There’s no good reason for you to be reading what I’m writing when there are so many other amazing blogs out there. GabiFresh has had more successes than me and is an amazing designer. Megan (BodyPosiPanda) wrote an incredible book. Kellie B, Chastity Valentine, Zoella even… these guys blog! But still, I’m writing this because I think I have something to offer. Actually, when I look at my ‘things I like about me’ file I have proof that I have something to offer.

When I compare myself to others it’s easy to fall into the trap of “my life sucks compared to that life”. You might as well not even do anything! Your life isn’t the best life. Emerson said, “Envy is ignorance…” and he was right on. You aren’t here to live the life of another person. You’re here to do whatever life you can. Turn Facebook off, get off Instagram sometimes, stop reading biographies of “successful” people and learn to respect your own experience. You’re not a fraud, you’re just you.

Being Wrong Doesn’t Make You a Fake

The best football players miss most of the shots they take. The best traders lose money on most trades. Presidents are wrong about stuff all the time (I MEAN…look at the Western leaders atm). The best football teams inevitably lose.

Losing is just part of the game. Don’t glorify failure, but don’t let it make you feel like you’re not a real contender either.

Say What You Can

We are often put in the position of “expert”, especially in this ‘woke’ social media climate that we all live in. When this happens, people look at you like you should know everything about a topic. We can’t know everything about anything though. If I’m in a situation where there is potential to actually be a fraud—ie bullshit about things I don’t know—I just say what I can instead. People respect this much more. Admit that you don’t yet have the answer but you’ll find it.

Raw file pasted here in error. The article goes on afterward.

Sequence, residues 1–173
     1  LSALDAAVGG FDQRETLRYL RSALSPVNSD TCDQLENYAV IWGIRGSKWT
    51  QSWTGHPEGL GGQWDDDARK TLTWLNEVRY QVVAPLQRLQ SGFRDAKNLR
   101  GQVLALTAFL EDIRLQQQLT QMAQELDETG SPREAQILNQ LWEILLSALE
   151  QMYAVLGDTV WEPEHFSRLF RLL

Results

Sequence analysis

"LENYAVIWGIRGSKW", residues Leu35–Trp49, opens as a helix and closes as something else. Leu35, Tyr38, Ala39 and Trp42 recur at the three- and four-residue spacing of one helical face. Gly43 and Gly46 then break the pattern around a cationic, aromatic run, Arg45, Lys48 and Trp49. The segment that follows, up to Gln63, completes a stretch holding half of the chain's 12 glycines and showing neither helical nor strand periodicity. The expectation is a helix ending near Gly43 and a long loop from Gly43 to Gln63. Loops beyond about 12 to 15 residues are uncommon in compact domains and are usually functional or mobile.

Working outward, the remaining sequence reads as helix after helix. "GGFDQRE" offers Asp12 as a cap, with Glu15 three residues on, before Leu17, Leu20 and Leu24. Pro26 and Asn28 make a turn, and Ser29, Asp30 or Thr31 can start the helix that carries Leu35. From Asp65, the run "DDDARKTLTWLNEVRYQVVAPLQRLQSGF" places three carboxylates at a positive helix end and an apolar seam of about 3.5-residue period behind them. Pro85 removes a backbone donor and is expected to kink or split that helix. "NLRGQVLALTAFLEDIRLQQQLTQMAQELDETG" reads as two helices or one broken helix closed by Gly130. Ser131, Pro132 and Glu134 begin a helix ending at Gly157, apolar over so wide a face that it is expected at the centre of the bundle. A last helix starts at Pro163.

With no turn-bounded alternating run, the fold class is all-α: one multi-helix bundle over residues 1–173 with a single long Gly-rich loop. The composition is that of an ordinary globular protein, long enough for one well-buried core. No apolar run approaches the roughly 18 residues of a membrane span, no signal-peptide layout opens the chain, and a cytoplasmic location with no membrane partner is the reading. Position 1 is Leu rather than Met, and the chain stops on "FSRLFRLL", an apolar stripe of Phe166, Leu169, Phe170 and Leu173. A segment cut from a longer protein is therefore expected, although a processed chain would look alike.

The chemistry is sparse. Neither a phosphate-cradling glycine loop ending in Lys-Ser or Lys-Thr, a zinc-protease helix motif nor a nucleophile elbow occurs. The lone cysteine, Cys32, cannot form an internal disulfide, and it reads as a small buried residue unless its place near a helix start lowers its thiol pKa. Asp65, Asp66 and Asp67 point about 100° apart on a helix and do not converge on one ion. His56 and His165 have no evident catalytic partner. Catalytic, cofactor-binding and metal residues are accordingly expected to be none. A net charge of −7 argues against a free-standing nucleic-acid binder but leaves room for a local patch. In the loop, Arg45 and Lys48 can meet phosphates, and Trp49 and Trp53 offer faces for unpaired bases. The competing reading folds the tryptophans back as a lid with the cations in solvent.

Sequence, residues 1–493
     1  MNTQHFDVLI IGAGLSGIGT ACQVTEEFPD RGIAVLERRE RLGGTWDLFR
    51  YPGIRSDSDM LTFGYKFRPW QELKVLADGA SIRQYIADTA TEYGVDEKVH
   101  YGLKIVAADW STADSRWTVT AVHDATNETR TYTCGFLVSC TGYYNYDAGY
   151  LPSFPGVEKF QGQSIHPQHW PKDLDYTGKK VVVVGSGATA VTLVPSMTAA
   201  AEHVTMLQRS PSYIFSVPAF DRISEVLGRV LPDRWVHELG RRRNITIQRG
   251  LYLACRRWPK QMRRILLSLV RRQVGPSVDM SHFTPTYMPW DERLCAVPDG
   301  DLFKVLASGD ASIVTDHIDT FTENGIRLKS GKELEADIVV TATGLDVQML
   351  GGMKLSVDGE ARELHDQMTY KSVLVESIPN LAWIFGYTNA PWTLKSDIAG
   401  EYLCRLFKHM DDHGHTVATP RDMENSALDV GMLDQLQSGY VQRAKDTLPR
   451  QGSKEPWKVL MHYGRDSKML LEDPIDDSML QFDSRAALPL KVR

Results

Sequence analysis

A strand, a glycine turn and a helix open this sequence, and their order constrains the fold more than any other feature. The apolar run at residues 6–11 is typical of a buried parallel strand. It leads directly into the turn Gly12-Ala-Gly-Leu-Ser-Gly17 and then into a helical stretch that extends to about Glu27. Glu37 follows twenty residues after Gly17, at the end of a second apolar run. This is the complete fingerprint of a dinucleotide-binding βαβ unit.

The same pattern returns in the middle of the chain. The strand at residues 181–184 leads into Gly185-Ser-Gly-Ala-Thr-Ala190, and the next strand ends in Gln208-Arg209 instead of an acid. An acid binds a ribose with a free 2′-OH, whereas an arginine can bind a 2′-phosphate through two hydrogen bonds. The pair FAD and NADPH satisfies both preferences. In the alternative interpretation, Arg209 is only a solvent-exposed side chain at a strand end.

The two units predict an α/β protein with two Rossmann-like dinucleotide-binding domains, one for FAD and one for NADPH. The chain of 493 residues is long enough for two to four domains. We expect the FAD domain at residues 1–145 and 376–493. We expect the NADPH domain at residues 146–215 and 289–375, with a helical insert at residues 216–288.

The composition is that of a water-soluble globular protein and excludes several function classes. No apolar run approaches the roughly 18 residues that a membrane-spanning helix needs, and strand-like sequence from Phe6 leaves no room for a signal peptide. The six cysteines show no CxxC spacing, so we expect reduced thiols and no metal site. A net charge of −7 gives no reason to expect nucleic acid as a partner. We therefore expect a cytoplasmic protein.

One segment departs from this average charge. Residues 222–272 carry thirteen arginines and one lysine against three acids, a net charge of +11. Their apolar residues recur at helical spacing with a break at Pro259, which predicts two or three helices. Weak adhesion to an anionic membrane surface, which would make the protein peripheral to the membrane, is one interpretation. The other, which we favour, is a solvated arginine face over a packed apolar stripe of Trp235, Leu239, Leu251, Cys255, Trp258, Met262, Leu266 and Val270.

Admit that you haven’t found the perfect solution but you’ve come close enough.

Realise That You Are Never ‘You’

You’re constantly changing. You’re constantly becoming a new person. Your opinions change with new information (I hope). You spend 6 months eating avocado and humous and then you spend 6 months eating steak and pork. Last year you were obsessed with only watching deep, thought provoking documentaries, now you spend every night watching Love Island (…O_o).  Maybe you were in a terrible mood this morning. Maybe you’re a bit brighter now.

“There is as much difference between us an ourselves as there is between us and others.” – Michel de Montaigne

You are growing into something different. You are getting better. How? By trying to do something better than you actually can. That’s not a lie, that’s valor.

Find One Person You Can Say ‘I feEl LyKE a FraUd’ To.

Being able to say that out loud to another person can be a huge help. Especially when they laugh at you for it.

While I still occasionally battle with feeling like an impostor, it helps to have a mantra to remind me that I’ve worked hard to earn my place here, whether it’s blogging, being an influencer, or being at work.

“I made it here; I didn’t just get lucky, and no one is going to tell me I don’t belong here.”